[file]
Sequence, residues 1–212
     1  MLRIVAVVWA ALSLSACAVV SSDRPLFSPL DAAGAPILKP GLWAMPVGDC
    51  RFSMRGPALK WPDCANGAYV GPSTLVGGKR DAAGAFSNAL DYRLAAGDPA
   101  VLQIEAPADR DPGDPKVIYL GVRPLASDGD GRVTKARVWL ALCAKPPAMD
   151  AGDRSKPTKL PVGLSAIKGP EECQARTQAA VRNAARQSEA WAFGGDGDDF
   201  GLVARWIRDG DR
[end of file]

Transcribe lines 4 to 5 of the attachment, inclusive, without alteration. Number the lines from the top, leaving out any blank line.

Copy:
   101  VLQIEAPADR DPGDPKVIYL GVRPLASDGD GRVTKARVWL ALCAKPPAMD
   151  AGDRSKPTKL PVGLSAIKGP EECQARTQAA VRNAARQSEA WAFGGDGDDF